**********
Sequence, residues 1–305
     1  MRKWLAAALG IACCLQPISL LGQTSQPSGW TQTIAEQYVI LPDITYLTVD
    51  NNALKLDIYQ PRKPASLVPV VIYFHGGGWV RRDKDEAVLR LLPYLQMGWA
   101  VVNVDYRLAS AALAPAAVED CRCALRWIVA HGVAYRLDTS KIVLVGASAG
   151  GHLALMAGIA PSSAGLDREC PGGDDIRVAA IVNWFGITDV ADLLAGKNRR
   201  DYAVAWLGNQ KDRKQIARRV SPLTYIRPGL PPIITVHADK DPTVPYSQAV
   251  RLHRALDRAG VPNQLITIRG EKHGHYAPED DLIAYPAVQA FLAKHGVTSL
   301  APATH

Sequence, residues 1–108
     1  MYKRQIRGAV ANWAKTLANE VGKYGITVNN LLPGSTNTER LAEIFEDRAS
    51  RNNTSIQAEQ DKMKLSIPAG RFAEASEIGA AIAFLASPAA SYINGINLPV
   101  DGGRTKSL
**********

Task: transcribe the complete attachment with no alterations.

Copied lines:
Sequence, residues 1–305
     1  MRKWLAAALG IACCLQPISL LGQTSQPSGW TQTIAEQYVI LPDITYLTVD
    51  NNALKLDIYQ PRKPASLVPV VIYFHGGGWV RRDKDEAVLR LLPYLQMGWA
   101  VVNVDYRLAS AALAPAAVED CRCALRWIVA HGVAYRLDTS KIVLVGASAG
   151  GHLALMAGIA PSSAGLDREC PGGDDIRVAA IVNWFGITDV ADLLAGKNRR
   201  DYAVAWLGNQ KDRKQIARRV SPLTYIRPGL PPIITVHADK DPTVPYSQAV
   251  RLHRALDRAG VPNQLITIRG EKHGHYAPED DLIAYPAVQA FLAKHGVTSL
   301  APATH

Sequence, residues 1–108
     1  MYKRQIRGAV ANWAKTLANE VGKYGITVNN LLPGSTNTER LAEIFEDRAS
    51  RNNTSIQAEQ DKMKLSIPAG RFAEASEIGA AIAFLASPAA SYINGINLPV
   101  DGGRTKSL